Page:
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The answer to the first question--if Lady Catherine truly had condescension--would be yes: during Jane Austen's own time, the majority of applications of condescension are strongly positive.
Burrows studies small words like quite and very, but condescension, too, was undergoing shifts in Austen's era.
Specifically, novelists in particular, and at least one moralist, were becoming suspicious of condescension in the early nineteenth century, when most writers still used the word as honest praise or even as a divine attribute.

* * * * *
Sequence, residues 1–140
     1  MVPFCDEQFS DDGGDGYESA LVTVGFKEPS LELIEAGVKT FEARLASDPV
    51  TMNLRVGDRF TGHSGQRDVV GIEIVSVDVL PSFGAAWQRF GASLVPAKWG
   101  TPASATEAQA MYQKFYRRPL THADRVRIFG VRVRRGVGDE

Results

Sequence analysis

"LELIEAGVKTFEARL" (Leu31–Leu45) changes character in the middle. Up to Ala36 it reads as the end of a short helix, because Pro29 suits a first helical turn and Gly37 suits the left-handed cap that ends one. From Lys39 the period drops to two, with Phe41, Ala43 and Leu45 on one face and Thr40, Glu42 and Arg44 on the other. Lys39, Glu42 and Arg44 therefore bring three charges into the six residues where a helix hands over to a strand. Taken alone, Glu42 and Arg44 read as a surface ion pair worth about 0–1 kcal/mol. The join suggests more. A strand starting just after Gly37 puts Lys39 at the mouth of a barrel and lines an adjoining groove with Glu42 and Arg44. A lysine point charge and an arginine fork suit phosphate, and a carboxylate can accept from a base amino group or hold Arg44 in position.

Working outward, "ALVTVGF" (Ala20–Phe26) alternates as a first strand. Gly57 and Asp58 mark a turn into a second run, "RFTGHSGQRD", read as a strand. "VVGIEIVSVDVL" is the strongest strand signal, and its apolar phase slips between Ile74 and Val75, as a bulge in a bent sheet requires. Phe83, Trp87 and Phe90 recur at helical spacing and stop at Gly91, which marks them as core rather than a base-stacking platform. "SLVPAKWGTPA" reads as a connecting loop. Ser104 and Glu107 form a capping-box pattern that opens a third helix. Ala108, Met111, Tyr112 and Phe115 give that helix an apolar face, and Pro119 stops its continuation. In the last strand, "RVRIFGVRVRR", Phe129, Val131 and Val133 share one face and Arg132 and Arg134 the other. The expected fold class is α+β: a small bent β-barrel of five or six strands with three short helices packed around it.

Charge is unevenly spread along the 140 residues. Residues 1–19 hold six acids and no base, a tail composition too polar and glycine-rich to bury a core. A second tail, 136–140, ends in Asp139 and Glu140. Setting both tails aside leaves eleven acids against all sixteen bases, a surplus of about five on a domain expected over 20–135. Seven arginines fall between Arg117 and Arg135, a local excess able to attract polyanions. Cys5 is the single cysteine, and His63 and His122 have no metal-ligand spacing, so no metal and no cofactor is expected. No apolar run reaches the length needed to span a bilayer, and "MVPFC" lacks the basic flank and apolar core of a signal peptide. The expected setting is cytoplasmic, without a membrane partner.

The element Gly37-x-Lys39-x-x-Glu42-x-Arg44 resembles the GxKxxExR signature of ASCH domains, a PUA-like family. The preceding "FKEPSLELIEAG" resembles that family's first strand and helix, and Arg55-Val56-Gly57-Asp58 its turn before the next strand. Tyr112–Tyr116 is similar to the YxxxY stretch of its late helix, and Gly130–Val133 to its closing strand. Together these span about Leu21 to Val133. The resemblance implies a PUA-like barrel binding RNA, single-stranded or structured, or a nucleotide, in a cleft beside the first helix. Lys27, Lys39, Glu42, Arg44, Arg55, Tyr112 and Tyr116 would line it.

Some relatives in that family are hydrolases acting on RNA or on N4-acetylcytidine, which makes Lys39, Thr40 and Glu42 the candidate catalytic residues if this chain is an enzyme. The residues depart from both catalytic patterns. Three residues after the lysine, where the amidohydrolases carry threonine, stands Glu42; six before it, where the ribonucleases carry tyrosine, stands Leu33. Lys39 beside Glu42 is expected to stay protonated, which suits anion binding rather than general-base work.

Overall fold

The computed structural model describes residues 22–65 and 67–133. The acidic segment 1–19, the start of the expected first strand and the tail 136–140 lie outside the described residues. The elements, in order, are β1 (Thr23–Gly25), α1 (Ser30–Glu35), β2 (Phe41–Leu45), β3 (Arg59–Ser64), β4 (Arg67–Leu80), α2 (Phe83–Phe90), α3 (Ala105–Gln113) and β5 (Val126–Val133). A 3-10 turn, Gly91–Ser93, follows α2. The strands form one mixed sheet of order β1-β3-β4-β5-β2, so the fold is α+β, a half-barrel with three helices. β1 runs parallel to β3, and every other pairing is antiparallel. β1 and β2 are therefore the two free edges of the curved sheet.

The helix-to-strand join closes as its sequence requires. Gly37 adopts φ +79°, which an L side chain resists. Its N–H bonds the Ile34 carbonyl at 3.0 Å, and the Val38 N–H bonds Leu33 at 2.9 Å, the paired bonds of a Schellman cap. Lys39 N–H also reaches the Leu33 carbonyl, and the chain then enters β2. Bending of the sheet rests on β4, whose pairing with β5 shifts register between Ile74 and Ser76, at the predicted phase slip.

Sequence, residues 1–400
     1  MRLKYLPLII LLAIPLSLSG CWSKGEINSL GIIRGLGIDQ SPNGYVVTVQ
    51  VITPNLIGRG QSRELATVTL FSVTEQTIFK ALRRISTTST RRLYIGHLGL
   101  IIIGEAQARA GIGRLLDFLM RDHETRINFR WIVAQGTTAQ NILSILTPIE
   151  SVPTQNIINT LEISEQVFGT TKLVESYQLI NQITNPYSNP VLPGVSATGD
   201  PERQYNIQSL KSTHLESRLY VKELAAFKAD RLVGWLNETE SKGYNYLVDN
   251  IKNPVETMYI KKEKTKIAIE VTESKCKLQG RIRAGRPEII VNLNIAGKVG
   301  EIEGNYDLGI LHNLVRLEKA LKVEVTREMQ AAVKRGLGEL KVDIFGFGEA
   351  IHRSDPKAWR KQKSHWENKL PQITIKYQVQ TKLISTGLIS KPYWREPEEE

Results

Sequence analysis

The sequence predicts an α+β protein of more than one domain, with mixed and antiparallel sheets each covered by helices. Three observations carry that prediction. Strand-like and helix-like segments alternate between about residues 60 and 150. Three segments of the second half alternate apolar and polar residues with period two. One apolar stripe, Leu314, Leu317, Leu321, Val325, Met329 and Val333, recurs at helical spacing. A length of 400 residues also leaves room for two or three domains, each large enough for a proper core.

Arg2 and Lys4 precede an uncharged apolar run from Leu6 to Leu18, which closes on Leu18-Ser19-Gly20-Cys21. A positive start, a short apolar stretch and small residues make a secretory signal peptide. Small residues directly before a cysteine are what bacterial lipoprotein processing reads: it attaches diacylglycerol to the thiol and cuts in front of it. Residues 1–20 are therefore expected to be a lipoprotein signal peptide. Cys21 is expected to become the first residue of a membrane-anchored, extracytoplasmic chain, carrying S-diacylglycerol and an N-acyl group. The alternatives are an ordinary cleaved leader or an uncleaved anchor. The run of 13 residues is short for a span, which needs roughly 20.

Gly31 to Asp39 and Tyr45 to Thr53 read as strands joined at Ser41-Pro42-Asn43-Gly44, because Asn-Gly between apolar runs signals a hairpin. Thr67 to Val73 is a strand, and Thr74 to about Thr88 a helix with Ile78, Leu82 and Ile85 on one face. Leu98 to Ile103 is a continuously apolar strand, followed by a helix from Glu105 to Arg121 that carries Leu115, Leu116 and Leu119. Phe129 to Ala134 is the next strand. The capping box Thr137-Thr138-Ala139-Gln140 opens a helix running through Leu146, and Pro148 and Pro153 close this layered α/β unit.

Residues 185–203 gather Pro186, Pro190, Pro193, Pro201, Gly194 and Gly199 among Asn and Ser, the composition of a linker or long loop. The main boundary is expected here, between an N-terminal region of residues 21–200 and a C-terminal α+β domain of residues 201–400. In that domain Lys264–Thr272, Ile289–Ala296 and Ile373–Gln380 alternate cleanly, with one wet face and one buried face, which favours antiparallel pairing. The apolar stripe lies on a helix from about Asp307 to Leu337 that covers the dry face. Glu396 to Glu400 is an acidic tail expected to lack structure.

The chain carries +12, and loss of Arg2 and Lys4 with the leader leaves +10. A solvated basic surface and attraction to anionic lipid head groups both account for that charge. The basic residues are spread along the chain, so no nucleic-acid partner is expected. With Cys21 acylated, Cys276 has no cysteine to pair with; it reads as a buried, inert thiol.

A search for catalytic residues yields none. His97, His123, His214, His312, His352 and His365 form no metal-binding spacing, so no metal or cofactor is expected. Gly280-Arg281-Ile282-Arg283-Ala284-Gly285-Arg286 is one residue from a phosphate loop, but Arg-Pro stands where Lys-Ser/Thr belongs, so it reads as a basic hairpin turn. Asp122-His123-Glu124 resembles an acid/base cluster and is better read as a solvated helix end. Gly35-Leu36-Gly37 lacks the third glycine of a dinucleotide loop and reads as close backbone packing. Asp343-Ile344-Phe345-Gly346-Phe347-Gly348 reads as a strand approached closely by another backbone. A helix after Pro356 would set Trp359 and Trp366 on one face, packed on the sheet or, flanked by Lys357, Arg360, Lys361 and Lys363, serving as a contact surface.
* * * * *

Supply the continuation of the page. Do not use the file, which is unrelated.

Condescension soon expands its applications, and yet a sampling of the first forty Google Books hits on the word from the years 1712-1718 still shows twenty-six distinctly religious uses.
One thus finds contemplations upon or discussions of the term, as in dictionaries, here from 1813: "Deference is an ascensive, condescension a descensive, and complaisance a level attentiveness.
When Jane Austen puts condescension repeatedly in the mouth of a clergyman, the choice is therefore utterly appropriate to his profession.